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Showing 4 articles from March 12, 2012.

General News

Black brings Jobs Task Force, One More Job project to Wilson

By PATRICK HALL
The Wilson Post

Sixth District U.S. Rep. Diane Black, R-Gallatin shared ideas and discussed ways to bring one job to every business in Wilson County to fight unemployment during a meeting with local elected officials on Tuesday.

The meeting was part of Blacks Jobs Task Force, One More Job initiative that she hoped would reduce unemployment through Tennessees 6th Congressional district.

How can we at the federal level partner with you to create one more job in every local business? Black asked.

Lebanon/Wilson County Chamber of Commerce President and CEO Sue Vanatta said she hears a need for skilled workers from local businesses. Vanatta said there is a large need for Information Technology, or IT, jobs locally as well as skilled workers in fields such as machinists and welding.

The discussion led into a need for a technical school nearby to help train local workers and be a place for students to receive technical degrees to meet the needs of businesses needing more skilled workers.

Wilson County Mayor Randall Hutto said the county is in talks with the Wilson County Board of Education on using the Wilson County Vocational Center on the old Lebanon High School campus as possibly a technical school.

G.C. Hixson, executive director of the Joint Economic & Community Development Board of Wilson County, said the school would be a branch operation instead of a full-time technical school.

It could also be a place for juniors and seniors in high school to come at night, possibly receive course credit and get that training, Hutto said.

Black said she could see a huge benefit from the small technical school, not only for training workers but also for educating students in high school and giving them options for career paths.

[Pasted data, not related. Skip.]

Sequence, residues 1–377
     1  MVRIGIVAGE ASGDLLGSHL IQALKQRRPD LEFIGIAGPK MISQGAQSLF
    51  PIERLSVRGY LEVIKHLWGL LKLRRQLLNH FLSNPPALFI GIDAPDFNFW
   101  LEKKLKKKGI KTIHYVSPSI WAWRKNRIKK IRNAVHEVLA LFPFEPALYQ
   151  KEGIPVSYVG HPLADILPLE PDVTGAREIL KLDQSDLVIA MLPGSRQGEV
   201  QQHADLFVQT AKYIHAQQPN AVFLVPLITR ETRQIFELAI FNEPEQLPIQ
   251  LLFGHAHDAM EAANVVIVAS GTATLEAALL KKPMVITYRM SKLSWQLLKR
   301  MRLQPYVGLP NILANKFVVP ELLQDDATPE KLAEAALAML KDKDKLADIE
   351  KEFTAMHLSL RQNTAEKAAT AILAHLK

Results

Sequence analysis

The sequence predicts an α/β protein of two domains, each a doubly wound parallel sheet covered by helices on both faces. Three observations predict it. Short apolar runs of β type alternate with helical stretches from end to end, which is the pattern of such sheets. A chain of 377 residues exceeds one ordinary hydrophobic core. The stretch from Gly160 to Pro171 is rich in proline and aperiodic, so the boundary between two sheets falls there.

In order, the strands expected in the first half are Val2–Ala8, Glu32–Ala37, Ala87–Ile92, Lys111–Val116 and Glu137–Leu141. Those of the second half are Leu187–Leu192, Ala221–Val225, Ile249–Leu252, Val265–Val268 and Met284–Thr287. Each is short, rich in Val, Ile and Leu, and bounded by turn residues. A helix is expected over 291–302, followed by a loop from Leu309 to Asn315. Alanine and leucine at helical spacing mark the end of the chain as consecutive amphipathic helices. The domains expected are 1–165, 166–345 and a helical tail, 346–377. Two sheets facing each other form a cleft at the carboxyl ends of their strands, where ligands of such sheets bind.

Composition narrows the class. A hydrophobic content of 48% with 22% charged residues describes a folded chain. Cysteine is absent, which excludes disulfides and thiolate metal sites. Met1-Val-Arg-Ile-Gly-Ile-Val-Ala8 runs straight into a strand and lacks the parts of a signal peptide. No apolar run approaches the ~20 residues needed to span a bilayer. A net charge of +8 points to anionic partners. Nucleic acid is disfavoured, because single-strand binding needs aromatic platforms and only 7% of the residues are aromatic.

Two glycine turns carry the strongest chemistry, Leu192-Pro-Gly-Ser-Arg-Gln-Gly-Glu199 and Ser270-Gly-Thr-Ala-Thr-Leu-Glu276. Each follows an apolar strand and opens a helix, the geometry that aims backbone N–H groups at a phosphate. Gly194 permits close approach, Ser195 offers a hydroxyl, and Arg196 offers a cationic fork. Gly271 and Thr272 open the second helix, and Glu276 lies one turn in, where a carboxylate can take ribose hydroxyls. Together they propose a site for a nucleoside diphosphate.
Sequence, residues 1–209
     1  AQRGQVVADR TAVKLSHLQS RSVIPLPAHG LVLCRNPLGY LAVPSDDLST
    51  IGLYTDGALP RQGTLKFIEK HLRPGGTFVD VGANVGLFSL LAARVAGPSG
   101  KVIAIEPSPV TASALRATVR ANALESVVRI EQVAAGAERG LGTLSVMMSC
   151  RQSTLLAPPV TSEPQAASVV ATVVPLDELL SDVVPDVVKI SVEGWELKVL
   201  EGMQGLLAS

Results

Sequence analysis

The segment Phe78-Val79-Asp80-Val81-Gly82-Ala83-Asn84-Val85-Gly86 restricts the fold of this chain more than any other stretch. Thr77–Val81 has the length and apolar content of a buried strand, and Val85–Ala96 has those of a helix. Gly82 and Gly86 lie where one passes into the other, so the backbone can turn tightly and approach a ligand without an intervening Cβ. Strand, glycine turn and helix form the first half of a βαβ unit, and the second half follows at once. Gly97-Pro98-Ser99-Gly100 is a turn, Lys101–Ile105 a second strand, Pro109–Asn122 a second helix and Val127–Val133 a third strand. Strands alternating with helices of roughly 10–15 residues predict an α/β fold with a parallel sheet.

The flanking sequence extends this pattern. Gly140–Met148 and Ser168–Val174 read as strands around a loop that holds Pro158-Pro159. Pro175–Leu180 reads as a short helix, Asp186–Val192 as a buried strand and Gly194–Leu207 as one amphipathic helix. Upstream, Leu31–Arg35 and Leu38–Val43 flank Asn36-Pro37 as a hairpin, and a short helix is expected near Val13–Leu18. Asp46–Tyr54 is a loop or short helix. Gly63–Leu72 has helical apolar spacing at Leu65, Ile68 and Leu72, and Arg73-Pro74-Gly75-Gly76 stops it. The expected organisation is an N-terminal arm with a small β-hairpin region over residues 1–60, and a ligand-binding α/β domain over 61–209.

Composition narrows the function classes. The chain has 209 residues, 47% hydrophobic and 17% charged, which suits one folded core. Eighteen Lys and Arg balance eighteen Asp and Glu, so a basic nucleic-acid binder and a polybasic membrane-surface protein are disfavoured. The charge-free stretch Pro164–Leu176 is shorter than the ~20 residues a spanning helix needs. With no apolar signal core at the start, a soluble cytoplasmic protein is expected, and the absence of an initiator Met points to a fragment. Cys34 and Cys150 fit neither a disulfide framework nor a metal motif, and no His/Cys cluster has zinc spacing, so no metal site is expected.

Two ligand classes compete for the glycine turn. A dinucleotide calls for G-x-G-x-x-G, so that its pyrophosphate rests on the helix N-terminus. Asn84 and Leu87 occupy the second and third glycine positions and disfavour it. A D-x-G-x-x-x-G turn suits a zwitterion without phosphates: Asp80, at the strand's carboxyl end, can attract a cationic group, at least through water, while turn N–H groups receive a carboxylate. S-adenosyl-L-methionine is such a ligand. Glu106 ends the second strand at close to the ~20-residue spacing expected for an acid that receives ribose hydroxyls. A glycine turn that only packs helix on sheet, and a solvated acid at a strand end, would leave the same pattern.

She said some have demeaned the value of a technical degree or technical job training compared to a four-year degree from a full-time university. She added that technical jobs pay good money and technical workers are just as important as white-collar workers.

We have somehow made it seem like if thats your skill set, its somehow not valuable, but we need to make them feel important and valued in society, Black said.

Hutto said marketing career paths and promoting technical jobs to high school students will be a great benefit to the local community in helping students decide what field to enter after graduation.

District 22 Wilson County Commissioner Wendell Marlow, who is also a middle school principal, said career education needs to start earlier in middle school.

District 23 Commissioner Bernie Ash said the federal and state governments should create an environment more conducive to small business owners. He said the majority of businesses in Wilson County are mom and pop businesses that are hurting in the current economic climate.

Black said she is encouraging fair, flatter and simpler tax reform to lessen the burden on small businesses. She also said many businesses are concerned about the Affordable Care Act, or the Health Care Law, and how mandates will affect businesses offering health insurance to employees.

The group talked about recruiting jobs to Wilson County and how the federal government could help bring white-collar jobs to the community, but Black said the responsibility to bring those types of jobs rests with the local governments.

She said businesses want to locate in areas that offer better infrastructure, better tax incentives and have an attractive community.

They like to be close to an airport, they like to be close to an interstate and a college in town is important, Black said.

She noted how lucky Wilson County is to have Interstate 40 passing through, pointing out it is a major draw in attracting businesses here. She said local governments have to do the legwork to encourage businesses to locate in Wilson County.